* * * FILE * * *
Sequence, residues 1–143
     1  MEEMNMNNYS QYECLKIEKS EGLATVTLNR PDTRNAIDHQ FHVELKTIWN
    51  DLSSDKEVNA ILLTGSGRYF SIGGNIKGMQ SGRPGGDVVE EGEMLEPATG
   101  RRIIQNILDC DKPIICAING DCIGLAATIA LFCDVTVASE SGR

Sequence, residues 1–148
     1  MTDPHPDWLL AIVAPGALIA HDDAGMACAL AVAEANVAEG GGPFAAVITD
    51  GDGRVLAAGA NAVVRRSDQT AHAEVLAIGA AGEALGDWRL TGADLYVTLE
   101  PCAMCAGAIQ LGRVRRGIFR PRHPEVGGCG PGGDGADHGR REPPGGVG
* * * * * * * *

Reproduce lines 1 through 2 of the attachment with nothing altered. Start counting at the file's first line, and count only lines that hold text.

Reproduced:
Sequence, residues 1–143
     1  MEEMNMNNYS QYECLKIEKS EGLATVTLNR PDTRNAIDHQ FHVELKTIWN